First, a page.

In 2018, the iconic power of blockchain in bond issuance came into play when the World Bank first launched bond-i. It was the first global blockchain bond to be ‘created, allocated, transferred and managed through its life cycle using distributed ledger technology’, according to a statement. The two-year bond had raised A$110 million, highlighting the investors’ support toward the World Bank’s development activities in a transaction that is powered by blockchain.
Arunma Oteh, World Bank Treasurer, said in the statement, “I am delighted that this pioneer bond transaction using the distributed ledger technology, bond-i, was extremely well received by investors. We are particularly impressed with the breath of interest from official institutions, fund managers, and banks. We were no doubt successful in moving from concept to reality because these high-quality investors understood the value of leveraging technology for innovation in capital markets.”
Bond-i is an integral part of the World Bank’s broader strategic focus to draw the potential of disruptive technologies for financial development. The World Bank issues anywhere from $50 billion to $60 billion annually in sustainable bonds—with an impressive 70-year track record of innovation in capital markets. World Bank’s bond-i blockchain platform was developed by the CBA Blockchain Centre of Excellence. The project prides itself on the profound experience of the CBA’s blockchain team that has taken a lot of effort in assessing and applying blockchain in capital markets.
By theory, the use of blockchain and distributed ledger technology allows information to be stored securely in a fully traceable, immutable manner. Like the Internet, blockchain is an open infrastructure upon which other applications and technologies can be developed. An advantage of this infrastructure is that it allows individuals to cut through the traditional intermediaries in their transactions, which in turn could lower or eliminate additional costs. And another advantage is that it simplifies transactions and increases transparency which are of utmost importance to the financial world.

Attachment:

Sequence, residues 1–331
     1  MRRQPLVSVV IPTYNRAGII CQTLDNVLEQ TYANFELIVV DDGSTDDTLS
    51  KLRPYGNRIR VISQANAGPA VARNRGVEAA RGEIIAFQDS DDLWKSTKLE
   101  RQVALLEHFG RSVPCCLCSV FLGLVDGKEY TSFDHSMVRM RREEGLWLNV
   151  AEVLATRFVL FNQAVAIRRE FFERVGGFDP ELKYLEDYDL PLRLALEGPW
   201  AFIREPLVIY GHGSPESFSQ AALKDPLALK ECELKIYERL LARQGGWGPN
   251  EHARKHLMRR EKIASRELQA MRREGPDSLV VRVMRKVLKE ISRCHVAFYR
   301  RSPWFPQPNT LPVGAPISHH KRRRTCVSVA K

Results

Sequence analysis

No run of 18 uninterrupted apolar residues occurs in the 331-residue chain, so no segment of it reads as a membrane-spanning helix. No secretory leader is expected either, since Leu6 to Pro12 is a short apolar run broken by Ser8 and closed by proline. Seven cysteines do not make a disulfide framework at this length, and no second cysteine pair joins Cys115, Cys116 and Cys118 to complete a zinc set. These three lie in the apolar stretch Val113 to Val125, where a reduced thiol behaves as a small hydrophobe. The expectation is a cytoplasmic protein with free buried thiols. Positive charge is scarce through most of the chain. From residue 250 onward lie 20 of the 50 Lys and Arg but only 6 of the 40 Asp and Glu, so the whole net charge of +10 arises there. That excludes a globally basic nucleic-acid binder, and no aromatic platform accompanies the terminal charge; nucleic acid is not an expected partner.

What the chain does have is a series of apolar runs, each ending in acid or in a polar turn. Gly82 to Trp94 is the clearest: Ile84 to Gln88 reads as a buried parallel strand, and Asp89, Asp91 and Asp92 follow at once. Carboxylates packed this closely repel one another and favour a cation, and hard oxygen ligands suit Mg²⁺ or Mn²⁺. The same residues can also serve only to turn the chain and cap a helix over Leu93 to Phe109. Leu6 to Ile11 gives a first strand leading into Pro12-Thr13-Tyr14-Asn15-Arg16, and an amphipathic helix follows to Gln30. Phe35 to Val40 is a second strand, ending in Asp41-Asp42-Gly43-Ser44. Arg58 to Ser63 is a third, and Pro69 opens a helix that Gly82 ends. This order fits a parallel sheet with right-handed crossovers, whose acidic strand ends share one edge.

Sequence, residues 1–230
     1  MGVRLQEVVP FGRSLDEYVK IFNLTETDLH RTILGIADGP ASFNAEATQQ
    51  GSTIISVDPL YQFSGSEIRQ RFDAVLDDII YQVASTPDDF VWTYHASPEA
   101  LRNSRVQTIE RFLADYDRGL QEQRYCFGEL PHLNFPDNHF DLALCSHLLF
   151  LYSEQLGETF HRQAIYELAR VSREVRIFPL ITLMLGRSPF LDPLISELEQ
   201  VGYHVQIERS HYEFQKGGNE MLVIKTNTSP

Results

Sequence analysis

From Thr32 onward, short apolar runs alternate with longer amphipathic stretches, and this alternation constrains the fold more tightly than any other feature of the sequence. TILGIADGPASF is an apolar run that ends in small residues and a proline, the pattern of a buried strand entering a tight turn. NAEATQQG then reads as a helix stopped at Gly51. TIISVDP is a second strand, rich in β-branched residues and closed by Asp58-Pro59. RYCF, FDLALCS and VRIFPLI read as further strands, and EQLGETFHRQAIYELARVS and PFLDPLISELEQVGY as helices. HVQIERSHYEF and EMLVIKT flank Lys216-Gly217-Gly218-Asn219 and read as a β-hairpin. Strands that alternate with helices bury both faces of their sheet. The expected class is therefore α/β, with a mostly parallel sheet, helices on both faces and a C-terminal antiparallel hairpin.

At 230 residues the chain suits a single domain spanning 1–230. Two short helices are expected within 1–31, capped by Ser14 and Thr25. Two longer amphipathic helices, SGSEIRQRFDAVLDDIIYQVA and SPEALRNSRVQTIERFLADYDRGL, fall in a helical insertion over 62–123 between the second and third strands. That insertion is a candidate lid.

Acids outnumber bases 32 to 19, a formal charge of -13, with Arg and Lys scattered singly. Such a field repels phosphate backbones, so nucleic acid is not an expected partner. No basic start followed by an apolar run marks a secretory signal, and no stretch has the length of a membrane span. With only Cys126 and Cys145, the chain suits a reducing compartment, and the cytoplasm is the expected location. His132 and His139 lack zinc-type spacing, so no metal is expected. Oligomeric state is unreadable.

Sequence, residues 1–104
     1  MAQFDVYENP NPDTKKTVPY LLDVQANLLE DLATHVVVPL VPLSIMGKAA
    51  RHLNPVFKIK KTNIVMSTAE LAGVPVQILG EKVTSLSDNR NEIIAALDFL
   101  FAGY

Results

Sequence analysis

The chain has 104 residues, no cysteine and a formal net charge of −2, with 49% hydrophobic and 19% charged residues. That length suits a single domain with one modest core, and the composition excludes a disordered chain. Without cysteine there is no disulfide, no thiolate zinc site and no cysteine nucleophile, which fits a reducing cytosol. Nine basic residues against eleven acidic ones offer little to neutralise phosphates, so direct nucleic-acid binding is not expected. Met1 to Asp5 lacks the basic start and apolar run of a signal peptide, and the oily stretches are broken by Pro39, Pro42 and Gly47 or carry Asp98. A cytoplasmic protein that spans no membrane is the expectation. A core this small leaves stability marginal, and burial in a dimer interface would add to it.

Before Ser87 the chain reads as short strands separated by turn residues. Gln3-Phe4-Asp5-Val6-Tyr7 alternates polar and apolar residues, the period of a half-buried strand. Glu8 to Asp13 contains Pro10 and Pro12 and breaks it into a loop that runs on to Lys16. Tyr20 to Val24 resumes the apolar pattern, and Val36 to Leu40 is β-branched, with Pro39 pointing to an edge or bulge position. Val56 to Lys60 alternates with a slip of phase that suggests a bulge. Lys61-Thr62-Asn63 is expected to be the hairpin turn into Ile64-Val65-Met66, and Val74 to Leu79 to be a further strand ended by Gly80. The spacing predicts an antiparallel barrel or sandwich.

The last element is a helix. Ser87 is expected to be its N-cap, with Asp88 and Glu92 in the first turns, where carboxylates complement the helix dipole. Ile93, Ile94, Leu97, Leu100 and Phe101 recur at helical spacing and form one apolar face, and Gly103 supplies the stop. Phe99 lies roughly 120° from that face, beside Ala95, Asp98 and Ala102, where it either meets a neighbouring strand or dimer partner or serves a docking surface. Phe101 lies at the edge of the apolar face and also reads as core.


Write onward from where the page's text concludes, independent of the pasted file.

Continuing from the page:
Working mechanism of blockchain in issuances
In Euro markets, for example, the fund-raising time frame might vary from three weeks to six weeks. Typically, the process comprises two stages: pre-issuance and post-trade. The pre-issuance stage more commonly involves the preparation of issuance, selecting modalities of price discovery mechanism and establishing agreements between the issuer and investor in terms of securities. Following that, the post-trade stage involves actual issuance of debt security in central securities depositories and its delivery to investors through custodians, banks and other intermediaries. But what is important to understand here is that there are existing inefficiencies in pre-issuance and post-trade stages as they involve multiple financial intermediaries.
blockchain infrastructure is well-suited to operate in the bond market.
Aaron Gwak, the head of capital markets, ASEAN, Standard Chartered, told International Finance “There are two key value propositions from a technical perspective: The first is the ability to lower participation denominations in bonds below thresholds that are required given the existing bond infrastructure. The second is making ease of participation as simple as a click in an app versus a manual application and account opening process.”